In the race between Congressman John Tierney and Former State Senator Richard Tisei, I urge voters to look at each candidate’s record.  For over a decade, John Tierney has been an unwavering advocate on behalf of many environmental bills. He voted against the Bush administration’s bills that favored big oil companies and threatened pristine wilderness areas with potential environmental disasters. John Tierney supported funding for rail transit, knowing that better transportation choices will reduce America’s reliance on fossil fuels.

John Tierney has repeatedly stood up to Big Oil, voting to end billions of dollars in corporate handouts. While his opponent may honestly believe that sending taxpayer dollars to the world’s wealthiest corporations is somehow in our best interests, we know that “trickle down” economics was a disaster in the late 1920s, again in the 1980s, and once more during the second Bush administration.

Congressman Tierney has been a leader in Washington, co-authoringthe federal Green Jobs Act, which helps support and train American workers to install solar panels, manufacture wind turbines, and weatherize homes. This program helped thousands of Americans, including many in Massachusetts, to get good jobs working toward energy independence.

John Tierney has championed the protection of our public lands and national monuments. Instead of opening our parks to drilling and mining for short-term corporate profits, he protects these precious resources for future generations.

John Tierney championed historic fuel efficiency standards, which will help create more than half a million new American jobs in the auto industry while saving families thousands every year at the pump. With important legislation like this, we can rebuild America’s manufacturing sector, burn less fossil fuels, and slow the rate of climate change.

Congressman Tierney stood up to protect the Clean Water Act, opposing corporate efforts to weaken the act and put our drinking water, streams, rivers, wetlands at risk from toxic pollutants.  Here in the Bay State, we remember all too well what happens to water when chemical companies run the show. But Congressman Tierney didn’t stop there, supporting protections from toxic mercury pollution that will prevent up to 11,000 premature deaths and 130,000 asthma attacks every year.

John Tierney voted against the effort to strip the U.S. Environmental Protection Agency from regulating greenhouse gases. Hurricane Sandy is yet another wake up call to anyone who thinks that climate change isn’t important - Scientists predict that future storms could be much worse.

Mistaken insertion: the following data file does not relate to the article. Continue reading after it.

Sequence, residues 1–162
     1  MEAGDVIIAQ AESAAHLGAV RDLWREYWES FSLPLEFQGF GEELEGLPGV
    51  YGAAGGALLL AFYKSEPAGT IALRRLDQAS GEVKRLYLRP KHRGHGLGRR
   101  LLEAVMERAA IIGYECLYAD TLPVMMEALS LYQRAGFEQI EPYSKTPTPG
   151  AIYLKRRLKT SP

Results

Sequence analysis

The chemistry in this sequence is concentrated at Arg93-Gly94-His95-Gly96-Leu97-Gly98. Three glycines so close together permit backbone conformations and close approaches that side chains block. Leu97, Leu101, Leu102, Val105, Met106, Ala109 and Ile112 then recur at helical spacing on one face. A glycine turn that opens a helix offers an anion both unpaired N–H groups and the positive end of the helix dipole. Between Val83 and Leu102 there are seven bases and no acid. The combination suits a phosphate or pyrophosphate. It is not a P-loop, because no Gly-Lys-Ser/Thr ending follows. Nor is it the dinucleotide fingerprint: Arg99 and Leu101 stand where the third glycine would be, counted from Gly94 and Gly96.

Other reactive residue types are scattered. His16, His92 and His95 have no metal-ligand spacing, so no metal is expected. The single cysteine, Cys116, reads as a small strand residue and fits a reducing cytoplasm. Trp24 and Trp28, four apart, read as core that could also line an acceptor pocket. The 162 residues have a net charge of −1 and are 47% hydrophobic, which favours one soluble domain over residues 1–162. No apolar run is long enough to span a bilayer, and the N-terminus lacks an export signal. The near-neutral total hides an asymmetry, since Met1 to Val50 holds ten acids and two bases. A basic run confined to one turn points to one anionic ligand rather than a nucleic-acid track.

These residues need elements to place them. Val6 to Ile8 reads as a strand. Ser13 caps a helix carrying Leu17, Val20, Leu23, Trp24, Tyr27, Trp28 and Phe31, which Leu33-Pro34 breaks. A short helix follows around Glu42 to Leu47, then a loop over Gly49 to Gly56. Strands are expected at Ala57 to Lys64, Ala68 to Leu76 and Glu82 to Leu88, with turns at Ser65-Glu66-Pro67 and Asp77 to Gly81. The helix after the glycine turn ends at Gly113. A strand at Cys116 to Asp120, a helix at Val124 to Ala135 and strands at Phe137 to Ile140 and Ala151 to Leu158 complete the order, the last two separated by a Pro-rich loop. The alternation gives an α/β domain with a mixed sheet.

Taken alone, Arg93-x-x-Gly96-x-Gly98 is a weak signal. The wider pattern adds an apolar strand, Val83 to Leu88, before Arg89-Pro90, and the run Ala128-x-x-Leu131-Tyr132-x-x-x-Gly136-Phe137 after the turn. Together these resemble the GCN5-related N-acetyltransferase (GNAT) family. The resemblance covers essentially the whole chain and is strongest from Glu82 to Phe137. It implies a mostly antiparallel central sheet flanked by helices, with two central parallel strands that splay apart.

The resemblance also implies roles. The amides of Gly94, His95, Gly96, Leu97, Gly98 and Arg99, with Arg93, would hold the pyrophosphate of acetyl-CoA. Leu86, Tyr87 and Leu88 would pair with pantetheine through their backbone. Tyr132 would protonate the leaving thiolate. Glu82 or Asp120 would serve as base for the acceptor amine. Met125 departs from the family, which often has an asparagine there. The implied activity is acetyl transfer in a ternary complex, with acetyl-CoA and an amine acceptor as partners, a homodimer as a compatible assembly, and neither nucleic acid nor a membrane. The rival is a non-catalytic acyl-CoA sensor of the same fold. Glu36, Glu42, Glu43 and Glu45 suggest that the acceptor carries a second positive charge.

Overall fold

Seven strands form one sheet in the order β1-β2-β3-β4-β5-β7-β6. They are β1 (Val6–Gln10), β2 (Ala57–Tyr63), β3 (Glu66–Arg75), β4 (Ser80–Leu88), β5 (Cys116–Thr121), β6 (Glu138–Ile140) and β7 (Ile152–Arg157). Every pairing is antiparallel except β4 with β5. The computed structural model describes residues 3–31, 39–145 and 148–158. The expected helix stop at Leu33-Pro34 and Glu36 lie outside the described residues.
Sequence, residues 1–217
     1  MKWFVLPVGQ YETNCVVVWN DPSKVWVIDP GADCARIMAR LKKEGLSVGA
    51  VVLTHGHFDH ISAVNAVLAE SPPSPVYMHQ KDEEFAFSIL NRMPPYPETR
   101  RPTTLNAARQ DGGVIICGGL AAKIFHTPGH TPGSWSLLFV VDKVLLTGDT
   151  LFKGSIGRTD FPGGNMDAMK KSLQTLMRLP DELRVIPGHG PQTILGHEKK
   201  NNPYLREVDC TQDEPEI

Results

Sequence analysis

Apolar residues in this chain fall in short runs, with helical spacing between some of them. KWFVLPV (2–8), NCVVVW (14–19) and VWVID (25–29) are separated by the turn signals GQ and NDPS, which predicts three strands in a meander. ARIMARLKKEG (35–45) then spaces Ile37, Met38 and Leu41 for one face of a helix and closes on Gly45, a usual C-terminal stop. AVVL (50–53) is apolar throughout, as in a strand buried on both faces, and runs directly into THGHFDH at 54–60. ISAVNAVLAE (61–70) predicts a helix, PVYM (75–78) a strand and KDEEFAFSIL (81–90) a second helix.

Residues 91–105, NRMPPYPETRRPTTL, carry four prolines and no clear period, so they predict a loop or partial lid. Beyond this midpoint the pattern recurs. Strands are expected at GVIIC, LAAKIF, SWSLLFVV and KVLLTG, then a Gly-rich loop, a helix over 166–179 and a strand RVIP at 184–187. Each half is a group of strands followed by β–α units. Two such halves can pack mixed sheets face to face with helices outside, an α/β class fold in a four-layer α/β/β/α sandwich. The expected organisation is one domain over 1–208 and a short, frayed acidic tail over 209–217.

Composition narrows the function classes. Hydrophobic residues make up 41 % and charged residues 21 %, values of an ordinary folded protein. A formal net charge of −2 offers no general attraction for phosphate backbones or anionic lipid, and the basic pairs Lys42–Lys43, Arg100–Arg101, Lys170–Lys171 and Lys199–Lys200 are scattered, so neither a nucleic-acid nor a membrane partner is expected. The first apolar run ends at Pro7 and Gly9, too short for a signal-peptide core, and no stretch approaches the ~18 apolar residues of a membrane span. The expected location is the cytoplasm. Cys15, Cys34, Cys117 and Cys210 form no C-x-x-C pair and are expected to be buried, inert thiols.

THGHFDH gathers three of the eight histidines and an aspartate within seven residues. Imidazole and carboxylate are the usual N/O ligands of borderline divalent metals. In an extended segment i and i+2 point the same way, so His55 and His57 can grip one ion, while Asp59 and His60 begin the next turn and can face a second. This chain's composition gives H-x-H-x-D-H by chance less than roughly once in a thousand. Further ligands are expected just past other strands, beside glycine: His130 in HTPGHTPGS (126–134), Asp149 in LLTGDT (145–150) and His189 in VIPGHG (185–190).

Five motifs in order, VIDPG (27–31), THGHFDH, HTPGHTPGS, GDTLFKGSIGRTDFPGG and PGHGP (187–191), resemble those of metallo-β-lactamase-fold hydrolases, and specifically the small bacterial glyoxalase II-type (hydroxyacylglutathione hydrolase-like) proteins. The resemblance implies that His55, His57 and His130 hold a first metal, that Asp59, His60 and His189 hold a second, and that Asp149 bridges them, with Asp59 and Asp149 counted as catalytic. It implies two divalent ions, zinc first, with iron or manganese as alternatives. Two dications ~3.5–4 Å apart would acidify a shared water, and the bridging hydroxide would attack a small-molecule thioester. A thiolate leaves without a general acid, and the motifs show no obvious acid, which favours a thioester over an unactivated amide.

In sharp contrast, Richard Tisei’s website lists absolutely no environmental positions - nothing. While Tisei was in the State Senate, he opposed many important environmental bills, refusing to sign on or support even the most basic environmental protections for the people of Massachusetts.

If you’re concerned about clean water and clean air, about climate change and pollution, if you want to end corporate control over your health and safety, I urge you to look at John Tierney’s consistent record and decide: who do you want to represent you in the US Congress?

# # #

Wednesday, October 17, 2012

Pat Franklin, founder of Container Recycling Institute, killed in tragic accident


Pat Franklin, the founder and former executive director of the Container Recycling Institute, was killed in a tragic accident a few days ago. Pat was one of the people who inspired me to get involved in updating the Mass Bottle Bill. Her passion, leadership, knowledge, and patience were legendary. Below is a letter written by Jenny Gitlitz, and former colleague and staffer at Container Recycling Institute. -- Phil Sego, MA Sierra Club

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Dear Friends and Colleagues,

It is with terrible sadness that I announce the passing of Pat Franklin, founder and former Executive Director of the Container Recycling Institute (CRI).

On Saturday October 13th, after shopping at the farmer's market in Oakland, MD and preparing to--yes, it's true--make a drop-off at the recycling center, Pat was hit by a pickup truck while crossing the street. She sustained head injuries from which she could not recover, and she died on Sunday with many family members present. In a fitting final act of recycling, her organs were donated to give others life. She did not suffer.

As many of you know, Pat was a shining light in the recycling movement. From humble beginnings in her basement in 1992, Pat founded and grew CRI from a shoestring operation to an internationally-recognized source of original information and analysis on beverage container recycling and wasting in the United States and Canada. For 15 years, Pat networked with hundreds of activists and legislators in dozens of states across the country—generously sharing information that was critical to campaigns to promote container deposit legislation. She recruited executives from secondary materials industries to serve on CRI's board, and was tenacious in spreading the message of producer responsibility--long before that term gained widespread use.